Money Q&A: Australia not prepared for financial crisis, chair of peak body for company directors warns

05:31  15 may  2018
05:31  15 may  2018 Source:   abc.net.au

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Australia is not prepared for a global economic downturn, the chair of the peak body for company directors has said. Both major parties have promised billions of dollars in tax cuts for low to middle income earners, and the Coalition wants to eventually abolish the 37 per cent tax rate.

Australia isn't prepared for a global economic downturn and should be doing more to pay down debt, the chair of the peak body for company directors says.

Australia is not prepared for a global economic downturn, the chair of the peak body for company directors has said.

Both major parties have promised billions of dollars in tax cuts for low to middle income earners, and the Coalition wants to eventually abolish the 37 per cent tax rate.

But Elizabeth Proust, the chairman of the Australian Institute of Company Directors (AICD), said the Government should be doing more to pay down debt.

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Australia is not prepared for a global economic downturn, the chair of the peak body for company directors has said. Q & A : Australia not prepared for another financial crisis . The chairman of AICD says "we should be paying down debt".

"We've had 26, 27 years of uninterrupted economic growth and some of the figures in the budget — 3 per cent growth each year, GDP growth, 2.5 per cent wage growth — are, shall we say, optimistic," she said.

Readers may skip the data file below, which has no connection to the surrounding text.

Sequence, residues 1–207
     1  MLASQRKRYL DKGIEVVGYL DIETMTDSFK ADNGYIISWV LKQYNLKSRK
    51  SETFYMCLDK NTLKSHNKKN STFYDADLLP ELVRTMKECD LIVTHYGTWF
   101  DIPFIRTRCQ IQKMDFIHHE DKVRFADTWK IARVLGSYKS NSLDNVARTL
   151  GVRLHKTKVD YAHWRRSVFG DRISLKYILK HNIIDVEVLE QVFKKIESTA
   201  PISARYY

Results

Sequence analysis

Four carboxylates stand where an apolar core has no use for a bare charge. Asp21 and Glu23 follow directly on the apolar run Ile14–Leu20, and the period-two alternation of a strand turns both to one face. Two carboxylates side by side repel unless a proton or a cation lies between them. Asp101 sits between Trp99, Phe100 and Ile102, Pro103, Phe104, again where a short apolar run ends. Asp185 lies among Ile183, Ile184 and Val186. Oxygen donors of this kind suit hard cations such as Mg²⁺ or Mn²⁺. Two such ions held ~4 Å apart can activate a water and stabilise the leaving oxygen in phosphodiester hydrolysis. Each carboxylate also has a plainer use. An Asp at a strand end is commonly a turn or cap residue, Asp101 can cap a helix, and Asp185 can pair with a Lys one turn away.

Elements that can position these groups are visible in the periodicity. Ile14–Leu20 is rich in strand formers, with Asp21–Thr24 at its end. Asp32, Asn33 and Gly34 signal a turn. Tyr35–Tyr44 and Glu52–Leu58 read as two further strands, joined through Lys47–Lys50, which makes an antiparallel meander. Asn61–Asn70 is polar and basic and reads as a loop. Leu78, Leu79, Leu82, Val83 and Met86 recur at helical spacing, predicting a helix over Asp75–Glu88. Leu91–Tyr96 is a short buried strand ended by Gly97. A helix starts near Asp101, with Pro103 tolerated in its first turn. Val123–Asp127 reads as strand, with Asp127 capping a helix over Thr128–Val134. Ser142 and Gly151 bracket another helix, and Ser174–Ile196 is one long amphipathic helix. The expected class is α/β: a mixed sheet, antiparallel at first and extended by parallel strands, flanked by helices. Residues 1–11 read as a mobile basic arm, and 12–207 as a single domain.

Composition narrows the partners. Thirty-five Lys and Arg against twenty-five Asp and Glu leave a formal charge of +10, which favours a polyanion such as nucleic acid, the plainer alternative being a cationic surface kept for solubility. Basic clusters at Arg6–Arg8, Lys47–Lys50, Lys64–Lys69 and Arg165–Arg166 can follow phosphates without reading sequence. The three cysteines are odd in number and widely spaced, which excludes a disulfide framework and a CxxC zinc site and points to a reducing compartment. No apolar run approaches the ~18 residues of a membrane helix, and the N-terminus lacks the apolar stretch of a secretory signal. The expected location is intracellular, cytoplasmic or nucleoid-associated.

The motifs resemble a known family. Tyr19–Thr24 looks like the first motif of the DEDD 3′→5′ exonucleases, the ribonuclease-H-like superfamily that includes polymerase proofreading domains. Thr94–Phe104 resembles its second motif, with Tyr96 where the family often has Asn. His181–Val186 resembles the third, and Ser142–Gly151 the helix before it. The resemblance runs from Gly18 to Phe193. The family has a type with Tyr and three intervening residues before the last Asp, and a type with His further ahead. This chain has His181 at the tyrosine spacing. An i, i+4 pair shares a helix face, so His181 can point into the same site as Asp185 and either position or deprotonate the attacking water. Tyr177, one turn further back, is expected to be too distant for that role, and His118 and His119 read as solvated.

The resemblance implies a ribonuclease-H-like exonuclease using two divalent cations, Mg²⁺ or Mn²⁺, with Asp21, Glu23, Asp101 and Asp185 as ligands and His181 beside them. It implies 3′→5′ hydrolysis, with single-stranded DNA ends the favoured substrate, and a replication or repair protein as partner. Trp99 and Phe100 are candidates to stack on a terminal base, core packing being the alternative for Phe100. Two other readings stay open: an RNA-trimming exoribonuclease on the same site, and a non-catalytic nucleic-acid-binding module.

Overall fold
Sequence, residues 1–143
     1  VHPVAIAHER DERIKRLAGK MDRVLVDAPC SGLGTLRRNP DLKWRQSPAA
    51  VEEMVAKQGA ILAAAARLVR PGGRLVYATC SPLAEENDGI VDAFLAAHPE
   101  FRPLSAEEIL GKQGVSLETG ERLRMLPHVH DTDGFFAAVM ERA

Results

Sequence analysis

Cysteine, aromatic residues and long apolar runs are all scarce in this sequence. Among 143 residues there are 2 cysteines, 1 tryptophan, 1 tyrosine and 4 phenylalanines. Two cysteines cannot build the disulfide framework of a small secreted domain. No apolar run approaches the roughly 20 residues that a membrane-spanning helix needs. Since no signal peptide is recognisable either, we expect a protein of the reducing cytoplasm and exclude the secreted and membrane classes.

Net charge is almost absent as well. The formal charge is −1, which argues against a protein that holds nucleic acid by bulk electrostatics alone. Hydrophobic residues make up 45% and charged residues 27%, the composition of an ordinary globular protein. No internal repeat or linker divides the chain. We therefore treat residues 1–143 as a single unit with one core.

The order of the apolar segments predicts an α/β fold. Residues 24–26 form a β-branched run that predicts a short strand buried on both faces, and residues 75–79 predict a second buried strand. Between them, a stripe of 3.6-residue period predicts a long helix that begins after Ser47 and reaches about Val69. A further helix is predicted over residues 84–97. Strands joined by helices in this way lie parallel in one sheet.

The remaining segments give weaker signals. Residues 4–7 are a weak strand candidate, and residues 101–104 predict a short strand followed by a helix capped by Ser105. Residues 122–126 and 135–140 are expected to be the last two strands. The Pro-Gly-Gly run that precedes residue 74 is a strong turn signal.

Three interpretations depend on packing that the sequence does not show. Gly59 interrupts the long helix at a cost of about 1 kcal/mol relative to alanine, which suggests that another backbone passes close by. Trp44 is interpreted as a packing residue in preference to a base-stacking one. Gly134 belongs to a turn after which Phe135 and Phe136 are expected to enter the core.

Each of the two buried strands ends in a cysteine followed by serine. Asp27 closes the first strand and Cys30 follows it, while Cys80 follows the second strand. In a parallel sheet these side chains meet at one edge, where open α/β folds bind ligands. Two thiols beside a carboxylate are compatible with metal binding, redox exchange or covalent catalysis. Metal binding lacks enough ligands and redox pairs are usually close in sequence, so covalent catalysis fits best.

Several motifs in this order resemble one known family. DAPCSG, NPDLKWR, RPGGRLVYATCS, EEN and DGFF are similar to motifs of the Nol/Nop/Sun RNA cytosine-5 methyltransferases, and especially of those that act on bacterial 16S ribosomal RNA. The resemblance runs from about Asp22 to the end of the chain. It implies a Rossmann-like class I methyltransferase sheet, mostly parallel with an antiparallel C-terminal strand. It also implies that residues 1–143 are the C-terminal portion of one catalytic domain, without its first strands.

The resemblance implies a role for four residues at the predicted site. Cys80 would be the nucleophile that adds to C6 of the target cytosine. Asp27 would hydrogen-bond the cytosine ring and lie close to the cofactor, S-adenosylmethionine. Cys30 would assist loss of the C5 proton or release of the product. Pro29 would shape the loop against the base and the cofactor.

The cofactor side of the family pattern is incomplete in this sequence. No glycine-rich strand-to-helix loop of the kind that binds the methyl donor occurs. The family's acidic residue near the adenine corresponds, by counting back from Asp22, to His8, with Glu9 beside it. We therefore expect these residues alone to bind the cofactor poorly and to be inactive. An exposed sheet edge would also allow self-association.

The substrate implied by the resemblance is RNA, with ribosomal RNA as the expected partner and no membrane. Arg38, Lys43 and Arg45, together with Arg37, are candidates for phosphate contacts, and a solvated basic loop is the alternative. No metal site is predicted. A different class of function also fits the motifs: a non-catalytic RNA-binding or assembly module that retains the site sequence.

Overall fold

"We should be paying down debt. We're vulnerable."

Ms Proust made the comments on Monday night's Q&A program, when an audience member asked if political parties should ignore the "sugar hit of tax cuts" and instead "fortify" Australia's fiscal position in case another global financial crisis hits.

The chairman of AICD says © Provided by ABC News The chairman of AICD says "we should be paying down debt". Minister for Cyber Security Angus Taylor defended the budget and said the Government could both pay down debt and cut taxes.

"I think we can get the budget back into the strong position that it needs to be in in order to survive if there's some kind of shock to the system," he said.

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key policy makers ill prepared for the crisis , lacking a full understanding of the financial system they oversaw The financial institution crisis hit its peak in September and October 2008. World political leaders, national ministers of finance and central bank directors coordinated their efforts to

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"We think in time that will be overtaken by increases in real wages.

"But at the same time there is a very strong argument in the short term for … for lower and middle income taxpayers to get an increase in their incomes.

"The key here is to have an economy that's growing, that's investing, and the low to middle income tax offset then can be replaced with rising wages. That's the key to the plan."

But Ms Proust was sceptical that would be enough to help Australia weather a economic storm.

"The majority of this audience wouldn't have experienced a recession," she said.

"And some of us can remember but it is tough and we're not necessarily well placed as a community and a society for that."

Shadow Treasurer Chris Bowen agreed Australia was vulnerable and said Labor would make "big sweeping changes" to the budget.

"I actually think we are vulnerable and we need to do better on budget repair," he said.

"We need strong sustainable budget surpluses going forward."

Last week Labor used its budget reply to offer a bigger tax break than the Government's, at a cost of nearly $6 billion over four years.

Neither party has explicitly stated how long it would take to pay off the net Commonwealth debt.

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